If you’re travelling for a long time, you may visit areas during shoulder season, which means there may be a chance of landslides in some countries.
If you are in a country where the weather is bad and there has been landslide activity in the past, then these are the ways to avoid them and stay safe.
A landslide is classified as the collapse of earth or rock down the slop of a mountain or a cliff. There are several causes that can create landslides including rainfall, melting snow, water level changes, groundwater changes, steam erosion, earthquakes, volcanic activity and human activity. It can also be a mixture of several things.
Landslides can be very dangerous so always avoid travel during or after extreme weather if possible, consult with your embassy and local authorities if you need help or information.
I recommend always doing your research before visiting a landslide-prone country as it may be safer to avoid it during stormy seasons. Lonely Planet is a great source of information, as well as recommending the best times to travel to different areas of a countries, as seasons can vary from region to region. You can download ebooks to your phone so you don’t even need an e-reader.
Don’t stay anywhere that is on a hill or at the bottom of a hill if you think there will be a landslide. Preferably stay somewhere on the flat that is not near other buildings that could fall on it as the result of a landslide. Check your accommodation and the area around it on TripAdvisor before you go as it has loads of travellers photos and reviews on there:
How to avoid a landslide:
- Log onto landslide maps and weather reports before venturing outside to see where the hazards lie or if any activity has been reported. In the Philippines, landslide activity is tracked by Project Noah.
- Study the condition of hills during and after bad weather. Look out for cracks appearing in the soil and sudden gushes of water pouring out. Avoid mountainous roads in wet season.
- Be aware of your local evacuation centre as well as the quickest and safest way to get there. Download Maps.me as it works without internet and you can use it as a route planner.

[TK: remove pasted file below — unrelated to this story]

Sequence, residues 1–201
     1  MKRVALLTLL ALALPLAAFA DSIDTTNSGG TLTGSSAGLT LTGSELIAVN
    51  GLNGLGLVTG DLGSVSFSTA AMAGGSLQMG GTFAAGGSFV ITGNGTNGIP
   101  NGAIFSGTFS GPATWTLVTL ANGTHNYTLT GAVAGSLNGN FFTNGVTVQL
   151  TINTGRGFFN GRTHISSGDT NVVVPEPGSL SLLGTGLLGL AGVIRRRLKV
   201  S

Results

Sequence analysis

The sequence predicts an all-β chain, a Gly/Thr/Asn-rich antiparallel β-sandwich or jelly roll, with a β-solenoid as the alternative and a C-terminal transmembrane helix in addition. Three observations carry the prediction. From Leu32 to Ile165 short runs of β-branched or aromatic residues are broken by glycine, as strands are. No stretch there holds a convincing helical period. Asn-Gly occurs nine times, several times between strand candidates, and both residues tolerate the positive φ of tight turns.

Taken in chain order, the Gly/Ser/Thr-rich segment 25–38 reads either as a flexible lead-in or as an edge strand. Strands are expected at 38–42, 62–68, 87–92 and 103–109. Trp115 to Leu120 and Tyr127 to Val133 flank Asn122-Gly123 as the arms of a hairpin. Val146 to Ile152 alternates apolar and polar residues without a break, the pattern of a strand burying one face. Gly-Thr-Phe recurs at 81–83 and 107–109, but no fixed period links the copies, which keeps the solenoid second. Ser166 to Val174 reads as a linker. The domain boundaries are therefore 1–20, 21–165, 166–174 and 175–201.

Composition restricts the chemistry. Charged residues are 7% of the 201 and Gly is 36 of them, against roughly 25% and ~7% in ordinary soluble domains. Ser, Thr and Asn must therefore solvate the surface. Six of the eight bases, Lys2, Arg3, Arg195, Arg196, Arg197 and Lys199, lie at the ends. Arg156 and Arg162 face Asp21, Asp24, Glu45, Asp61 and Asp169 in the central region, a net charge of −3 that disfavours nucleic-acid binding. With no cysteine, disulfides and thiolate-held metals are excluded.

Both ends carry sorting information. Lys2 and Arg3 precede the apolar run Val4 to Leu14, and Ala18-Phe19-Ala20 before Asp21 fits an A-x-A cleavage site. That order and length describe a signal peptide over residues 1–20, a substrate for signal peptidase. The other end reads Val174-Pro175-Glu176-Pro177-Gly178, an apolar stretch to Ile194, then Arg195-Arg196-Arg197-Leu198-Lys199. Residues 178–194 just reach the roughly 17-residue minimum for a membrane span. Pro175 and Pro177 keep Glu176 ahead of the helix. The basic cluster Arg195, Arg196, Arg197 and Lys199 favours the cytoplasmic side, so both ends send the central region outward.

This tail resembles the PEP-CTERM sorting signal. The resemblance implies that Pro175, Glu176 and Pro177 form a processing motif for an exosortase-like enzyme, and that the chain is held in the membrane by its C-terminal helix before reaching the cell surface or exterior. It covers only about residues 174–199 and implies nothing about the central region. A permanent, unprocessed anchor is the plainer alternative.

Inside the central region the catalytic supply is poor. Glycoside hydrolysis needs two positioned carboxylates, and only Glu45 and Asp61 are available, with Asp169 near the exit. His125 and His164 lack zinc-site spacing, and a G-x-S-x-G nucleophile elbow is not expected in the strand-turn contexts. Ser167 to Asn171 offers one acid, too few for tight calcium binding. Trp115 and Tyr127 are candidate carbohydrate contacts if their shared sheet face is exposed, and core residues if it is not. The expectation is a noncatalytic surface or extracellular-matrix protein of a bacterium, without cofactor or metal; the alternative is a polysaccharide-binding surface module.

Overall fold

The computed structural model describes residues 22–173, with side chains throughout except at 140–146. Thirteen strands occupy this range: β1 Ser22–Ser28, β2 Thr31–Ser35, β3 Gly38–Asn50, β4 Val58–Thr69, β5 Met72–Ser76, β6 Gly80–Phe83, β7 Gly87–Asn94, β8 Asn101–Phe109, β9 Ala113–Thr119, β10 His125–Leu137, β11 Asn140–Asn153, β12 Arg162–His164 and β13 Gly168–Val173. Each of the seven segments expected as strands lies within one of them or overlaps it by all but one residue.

- If you do see signs of a landslide or if there is non-stop rainfall which starts to cause problems then evacuate immediately.
- Prepare your survival kit if possible. Items to include are a torch, food (that doesn’t require refrigeration or cooking), drinking water and a radio if you have one. Some countries restrict bringing in radios or satellite phones so check before you go.
- Always get good travel insurance that covers emergency situations. Read the small print and make sure that you have your policy and all the numbers that you need to hand. Laminate your copy and save to your phone and email. Get a travel insurance quote by clicking on the link below.
What to do if you get caught in a landslide:
- If you cannot evacuate, then stay inside and get under a table if possible.
- If you’re outside, avoid affected areas and try to get to a safe and elevated place.
- If you can’t avoid the landslide, lie down and adopt the fetal position.
- If you’re in a car, then don’t cross bridges or roads that may collapse as well as cliffs or ridges.
What to do after a landslide has happened:
- Steer clear of landslide affected areas as further landslides could be imminent.
- Watch out for flash floods as the landslide may have redirected the water flow in some areas.
- Is anyone missing? If anyone is not accounted for, then raise it with local authorities if you can. If they are foreign, then you may need to speak with their embassy who will mark them as missing.
- Watch for any travel advisories from local authorities on radio, TV or online that will inform you as to where is and isn’t safe for travel. They will also know if more landslides are expected.
- Check for buildings damage in anywhere you’re staying as it could be unsafe.
- Report damage if possible, for example power lines, water sources, telephone lines or buildings on the brink of collapse to the authorities so they can fix it and prevent accidents.
Have you experienced landslides while travelling? Share your stories and wisdom in the comments below!
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